When the strips are properly positioned, use your thumb to press the strip firmly against the frame.
You now have a cushion to keep the door from slamming, whether it slams shut from a breeze or when you go to close it.
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2. Cushion the Door With Felt Pads
Felt pads provide another option for cushioning the blow of the door closing. Such as the weather strips, they prevent the door from making a loud sound as it hits the door frame.
These pads are usually used on furniture to keep it from scratching the floor.
The small dots have an adhesive backing and can be attached to the inside of the door frame, near the middle. If you don’t know what size to use, get a variety pack of self-adhesive felt pads.
Add two pads, spaced an inch or two above the lock and handle. If this does not soften the blow, try adding two more pads, higher and lower than the previous two.
3. Inspect and Adjust the Door Closer
Door closers are mechanical devices that are designed to let doors slowly glide closed. You often see these attached to screen doors, porch doors, and any exterior doors on commercial properties or businesses.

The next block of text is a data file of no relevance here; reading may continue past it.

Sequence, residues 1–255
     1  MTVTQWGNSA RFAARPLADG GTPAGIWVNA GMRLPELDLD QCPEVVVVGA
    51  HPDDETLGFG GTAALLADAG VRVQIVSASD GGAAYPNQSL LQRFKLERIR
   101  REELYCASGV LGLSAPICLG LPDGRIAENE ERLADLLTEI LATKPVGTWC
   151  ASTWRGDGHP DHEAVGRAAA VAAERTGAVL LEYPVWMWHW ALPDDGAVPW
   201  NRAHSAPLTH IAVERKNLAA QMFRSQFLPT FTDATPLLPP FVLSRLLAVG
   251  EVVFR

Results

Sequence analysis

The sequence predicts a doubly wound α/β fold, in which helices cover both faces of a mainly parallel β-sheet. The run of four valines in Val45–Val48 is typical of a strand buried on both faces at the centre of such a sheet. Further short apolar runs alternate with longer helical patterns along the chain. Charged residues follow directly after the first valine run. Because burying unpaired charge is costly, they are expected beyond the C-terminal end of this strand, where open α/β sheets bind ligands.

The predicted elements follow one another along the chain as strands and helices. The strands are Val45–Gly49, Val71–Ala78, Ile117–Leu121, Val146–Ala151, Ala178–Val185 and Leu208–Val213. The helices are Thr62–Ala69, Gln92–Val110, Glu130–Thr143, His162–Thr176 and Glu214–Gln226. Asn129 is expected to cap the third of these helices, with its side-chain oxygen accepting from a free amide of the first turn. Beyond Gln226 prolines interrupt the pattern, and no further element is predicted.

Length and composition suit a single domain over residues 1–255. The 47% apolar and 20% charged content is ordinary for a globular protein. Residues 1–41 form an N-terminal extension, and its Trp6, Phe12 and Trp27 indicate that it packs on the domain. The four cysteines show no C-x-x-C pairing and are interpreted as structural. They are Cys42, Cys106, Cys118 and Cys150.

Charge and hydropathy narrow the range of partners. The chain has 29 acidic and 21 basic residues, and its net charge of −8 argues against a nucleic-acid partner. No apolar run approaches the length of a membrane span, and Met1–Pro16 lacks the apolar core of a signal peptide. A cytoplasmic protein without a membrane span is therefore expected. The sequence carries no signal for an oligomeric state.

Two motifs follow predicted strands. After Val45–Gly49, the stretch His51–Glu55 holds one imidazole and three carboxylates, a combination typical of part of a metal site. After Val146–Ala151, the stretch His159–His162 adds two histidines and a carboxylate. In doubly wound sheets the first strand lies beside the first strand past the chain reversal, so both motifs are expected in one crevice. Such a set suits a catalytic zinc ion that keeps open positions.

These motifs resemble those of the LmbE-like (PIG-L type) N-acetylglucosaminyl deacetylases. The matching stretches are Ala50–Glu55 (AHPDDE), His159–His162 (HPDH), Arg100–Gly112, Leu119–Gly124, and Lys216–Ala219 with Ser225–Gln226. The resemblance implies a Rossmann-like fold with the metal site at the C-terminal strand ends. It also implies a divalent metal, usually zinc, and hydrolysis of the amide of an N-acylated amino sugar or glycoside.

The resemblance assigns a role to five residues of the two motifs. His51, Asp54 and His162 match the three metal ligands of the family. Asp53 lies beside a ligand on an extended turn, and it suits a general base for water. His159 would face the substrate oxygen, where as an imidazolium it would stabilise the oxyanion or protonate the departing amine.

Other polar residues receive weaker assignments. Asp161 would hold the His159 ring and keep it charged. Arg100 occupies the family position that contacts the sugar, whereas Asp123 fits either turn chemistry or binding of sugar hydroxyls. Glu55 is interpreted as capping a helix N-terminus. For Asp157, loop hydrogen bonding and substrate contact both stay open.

The closer keeps the door from remaining open, but can also cause the door to slam shut if the tension is off or the closer is installed incorrectly.
Pneumatic and hydraulic are the most common options. Pneumatic door closers are air-powered while hydraulic closers use hydraulic fluid. Both options typically have a screw for adjusting the tension.
Use a screwdriver to adjust the tension screw. It should be located on the upper side of the main attachment near the top of the door.
You will likely need to stand on a step stool or ladder to get a better look. If you cannot see the adjustment screw, it may be covered with a small piece of plastic. The cover can typically be removed with a flathead screwdriver.
Some screws are marked, letting you know which direction to turn to adjust the tension. Typically, turning clockwise increases the tension, increasing the swing speed. Turning counterclockwise loosens the spring, decreasing the swing speed.
Adjust the screw a quarter turn and then test the door. If it still slams shut, continue adjusting the screw.